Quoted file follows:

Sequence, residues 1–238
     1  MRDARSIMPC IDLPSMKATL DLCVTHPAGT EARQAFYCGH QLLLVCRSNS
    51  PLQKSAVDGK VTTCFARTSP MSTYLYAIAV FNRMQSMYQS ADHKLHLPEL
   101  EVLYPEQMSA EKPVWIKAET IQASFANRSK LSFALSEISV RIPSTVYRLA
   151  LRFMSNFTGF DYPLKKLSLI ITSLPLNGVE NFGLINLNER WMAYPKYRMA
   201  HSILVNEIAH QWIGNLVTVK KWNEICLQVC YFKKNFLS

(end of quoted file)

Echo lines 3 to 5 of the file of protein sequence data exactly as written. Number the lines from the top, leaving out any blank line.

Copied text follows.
    51  PLQKSAVDGK VTTCFARTSP MSTYLYAIAV FNRMQSMYQS ADHKLHLPEL
   101  EVLYPEQMSA EKPVWIKAET IQASFANRSK LSFALSEISV RIPSTVYRLA
   151  LRFMSNFTGF DYPLKKLSLI ITSLPLNGVE NFGLINLNER WMAYPKYRMA